The quality of Cru Beaujolais and the fact that the best wines represent incredible value for money must be among the wine trade’s worst kept secrets. How many other regions can deliver such complex, age-worthy and downright delicious wines for around £25 (many considerably less) on the table? But price aside, there is a huge amount to admire about the best of wines of Beaujolais, which come in a wide array of styles, albeit all made from the glorious Gamay grape.

Stannary’s inaugural Cru Beaujolais offer features wines from five of the ten Crus. They speak not only of differences in terroir, but of different approaches to winemaking; particularly in regards of carbonic maceration and the type of vessels used for fermentation and ageing. Furthermore, we have dug deep into our cellars – as well as securing a parcel of library stock from one producer, the iconic Château Thivin – to bring you wines from no fewer than four vintages.

This offer includes wines that are drinking brilliantly now, in spring 2021, and others that may require a decade or more to reach their apogee. With this in mind, we have presented the wines in order of suggested drinking date, rather than by Cru or vintage.

The renaissance of Beaujolais has been abetted by a purple patch of good to excellent vintages, of which follows a brief overview. Each producer is profiled, and tasting notes are provided by the foremost critics or members of the Stannary team. You will also find boxes throughout the brochure that give in an insight into some of the attributes that combine to make Beaujolais one of the most exciting wine regions on the planet.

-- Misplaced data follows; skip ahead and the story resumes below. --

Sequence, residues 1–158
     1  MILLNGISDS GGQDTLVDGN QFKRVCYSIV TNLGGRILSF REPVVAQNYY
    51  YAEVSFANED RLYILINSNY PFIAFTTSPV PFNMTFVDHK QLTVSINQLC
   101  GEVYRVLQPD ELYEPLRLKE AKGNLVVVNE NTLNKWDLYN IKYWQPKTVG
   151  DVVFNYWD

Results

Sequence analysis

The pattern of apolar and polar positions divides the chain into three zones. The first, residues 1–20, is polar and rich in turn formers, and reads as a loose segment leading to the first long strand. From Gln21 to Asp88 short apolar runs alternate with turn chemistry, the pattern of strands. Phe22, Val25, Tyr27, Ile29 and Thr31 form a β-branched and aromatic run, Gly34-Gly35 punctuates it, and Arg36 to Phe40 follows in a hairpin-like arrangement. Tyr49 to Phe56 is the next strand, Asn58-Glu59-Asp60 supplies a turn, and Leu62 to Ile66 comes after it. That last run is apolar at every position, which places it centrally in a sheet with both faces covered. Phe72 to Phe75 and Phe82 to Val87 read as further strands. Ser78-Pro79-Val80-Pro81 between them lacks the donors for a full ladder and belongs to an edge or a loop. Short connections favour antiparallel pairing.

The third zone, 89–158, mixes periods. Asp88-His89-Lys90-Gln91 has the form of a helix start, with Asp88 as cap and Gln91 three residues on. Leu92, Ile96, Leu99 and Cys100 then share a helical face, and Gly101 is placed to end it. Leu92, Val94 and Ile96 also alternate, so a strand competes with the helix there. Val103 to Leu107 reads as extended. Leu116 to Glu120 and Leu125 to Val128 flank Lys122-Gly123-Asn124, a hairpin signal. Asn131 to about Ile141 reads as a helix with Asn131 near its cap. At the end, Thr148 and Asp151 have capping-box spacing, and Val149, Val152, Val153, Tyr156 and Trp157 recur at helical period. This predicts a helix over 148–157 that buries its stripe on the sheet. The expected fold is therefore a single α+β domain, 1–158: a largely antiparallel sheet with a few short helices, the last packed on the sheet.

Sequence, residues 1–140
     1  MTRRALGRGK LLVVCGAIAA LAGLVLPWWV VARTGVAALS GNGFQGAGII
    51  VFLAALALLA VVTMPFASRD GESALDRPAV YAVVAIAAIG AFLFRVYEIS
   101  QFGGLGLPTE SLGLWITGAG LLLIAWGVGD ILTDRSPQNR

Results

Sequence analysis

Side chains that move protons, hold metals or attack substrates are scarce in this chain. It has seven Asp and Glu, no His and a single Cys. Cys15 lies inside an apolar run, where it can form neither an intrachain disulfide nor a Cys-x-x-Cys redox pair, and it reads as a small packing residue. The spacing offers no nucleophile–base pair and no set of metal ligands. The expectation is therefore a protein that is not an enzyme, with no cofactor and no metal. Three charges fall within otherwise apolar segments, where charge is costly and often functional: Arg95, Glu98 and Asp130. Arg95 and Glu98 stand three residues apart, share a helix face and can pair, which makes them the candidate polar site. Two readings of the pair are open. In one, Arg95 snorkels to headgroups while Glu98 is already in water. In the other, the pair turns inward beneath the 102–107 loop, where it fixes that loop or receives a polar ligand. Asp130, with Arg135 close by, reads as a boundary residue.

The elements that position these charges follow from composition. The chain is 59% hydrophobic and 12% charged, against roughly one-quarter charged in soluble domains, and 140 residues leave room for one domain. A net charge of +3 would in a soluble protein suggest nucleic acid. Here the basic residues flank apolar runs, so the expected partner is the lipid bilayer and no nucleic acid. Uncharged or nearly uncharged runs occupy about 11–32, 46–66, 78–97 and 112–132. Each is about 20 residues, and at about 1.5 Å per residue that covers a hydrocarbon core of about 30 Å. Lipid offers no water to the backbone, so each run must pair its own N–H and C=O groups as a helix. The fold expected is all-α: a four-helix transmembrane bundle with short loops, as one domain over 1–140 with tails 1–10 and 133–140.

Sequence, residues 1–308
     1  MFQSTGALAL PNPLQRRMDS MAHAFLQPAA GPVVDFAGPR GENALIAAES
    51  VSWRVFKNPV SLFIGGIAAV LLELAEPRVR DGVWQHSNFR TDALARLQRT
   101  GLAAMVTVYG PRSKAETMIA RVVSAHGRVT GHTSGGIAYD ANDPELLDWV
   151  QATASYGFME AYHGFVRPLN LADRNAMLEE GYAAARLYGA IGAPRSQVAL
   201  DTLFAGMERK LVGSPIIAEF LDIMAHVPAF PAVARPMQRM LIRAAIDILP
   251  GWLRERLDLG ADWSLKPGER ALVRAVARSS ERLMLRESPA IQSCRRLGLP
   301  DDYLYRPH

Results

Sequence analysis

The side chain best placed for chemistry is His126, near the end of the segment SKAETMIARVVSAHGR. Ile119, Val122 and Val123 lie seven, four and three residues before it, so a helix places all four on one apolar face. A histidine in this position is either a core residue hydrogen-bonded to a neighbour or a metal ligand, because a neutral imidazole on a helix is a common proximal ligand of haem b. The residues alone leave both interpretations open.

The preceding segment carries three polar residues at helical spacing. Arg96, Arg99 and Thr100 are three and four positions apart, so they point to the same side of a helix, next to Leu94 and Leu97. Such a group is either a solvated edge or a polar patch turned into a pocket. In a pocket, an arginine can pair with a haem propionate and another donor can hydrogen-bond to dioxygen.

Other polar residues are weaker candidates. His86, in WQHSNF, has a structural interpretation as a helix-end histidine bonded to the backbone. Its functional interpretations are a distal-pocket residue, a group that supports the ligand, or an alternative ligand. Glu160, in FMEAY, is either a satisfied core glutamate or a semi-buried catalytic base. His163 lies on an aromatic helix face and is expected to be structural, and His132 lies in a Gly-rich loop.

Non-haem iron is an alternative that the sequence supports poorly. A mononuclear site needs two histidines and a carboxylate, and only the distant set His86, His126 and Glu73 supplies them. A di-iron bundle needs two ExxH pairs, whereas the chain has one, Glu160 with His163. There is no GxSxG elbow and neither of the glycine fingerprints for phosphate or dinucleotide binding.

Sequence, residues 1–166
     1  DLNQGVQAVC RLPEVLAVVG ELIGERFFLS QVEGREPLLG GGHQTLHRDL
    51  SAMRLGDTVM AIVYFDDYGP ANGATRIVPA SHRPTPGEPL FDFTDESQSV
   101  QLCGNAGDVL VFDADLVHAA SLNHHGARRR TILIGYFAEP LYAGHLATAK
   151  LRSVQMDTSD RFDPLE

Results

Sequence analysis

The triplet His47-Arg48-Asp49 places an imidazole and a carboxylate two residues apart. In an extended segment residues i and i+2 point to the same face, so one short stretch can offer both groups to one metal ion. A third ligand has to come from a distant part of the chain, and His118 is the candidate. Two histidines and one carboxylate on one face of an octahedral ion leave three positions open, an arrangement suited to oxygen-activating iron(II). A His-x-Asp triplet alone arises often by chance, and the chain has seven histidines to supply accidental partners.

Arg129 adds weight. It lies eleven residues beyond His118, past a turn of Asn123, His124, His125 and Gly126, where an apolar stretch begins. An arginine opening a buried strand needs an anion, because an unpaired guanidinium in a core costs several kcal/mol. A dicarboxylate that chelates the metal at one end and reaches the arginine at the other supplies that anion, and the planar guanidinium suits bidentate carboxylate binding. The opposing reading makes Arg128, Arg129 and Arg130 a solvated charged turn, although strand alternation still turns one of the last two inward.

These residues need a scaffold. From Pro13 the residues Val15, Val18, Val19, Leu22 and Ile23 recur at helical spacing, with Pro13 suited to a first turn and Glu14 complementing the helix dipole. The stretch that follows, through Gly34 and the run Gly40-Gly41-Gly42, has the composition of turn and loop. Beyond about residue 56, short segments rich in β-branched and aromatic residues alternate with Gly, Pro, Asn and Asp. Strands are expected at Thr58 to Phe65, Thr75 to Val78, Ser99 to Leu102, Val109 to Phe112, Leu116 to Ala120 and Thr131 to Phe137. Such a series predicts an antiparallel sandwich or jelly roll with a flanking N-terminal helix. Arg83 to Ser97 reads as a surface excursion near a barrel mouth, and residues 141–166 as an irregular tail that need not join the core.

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About Beaujolais

Gamay on Granite

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Like Chardonnay and limestone or Cabernet and gravel, Gamay and granite are a viticultural match made in heaven. Gamay grown on marly soils in parts of the generic Beaujolais AOC (south of the Crus) tends to give rather simple wines, which lack focus – the kind of wines many of us will remember as our first experience of Beaujolais. Granite is the common denominator, but the soils of the Crus are far from uniform: Fleurie’s vineyards have a pinkish hue from the pink granite beneath their shallow, sandy soil, while the wines of Moulin-à-Vent owe their inherent concentration to a combination of pink granite and manganese. The terroir of the volcanic Côte de Brouilly, where granite meets blue diorite and schist, is perhaps the most distinctive of all the Crus.

Old vines, new perspectives

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The damage done to the region’s reputation by the craze for cheap Beaujolais Nouveau has, ultimately, had some happy consequences. So hard did it become to turn a profit, even in the Crus, that many growers could not afford to replace their old bush vines with higher-yielding young ones – and numerous domaines were all but abandoned. In recent years, this has enabled growers more concerned with quality than quantity to snap up fabulous parcels of old vines. They have included Burgundians seeking a fresh challenge, such as Thibault Liger-Belair, as well as ambitious youngsters like the Bret Brothers. The best of the historic domaines have raised their game in response to the influx, and many have adopted the organic practices that are de rigeur among the new wave of Beaujolais producers.

Stems (or not)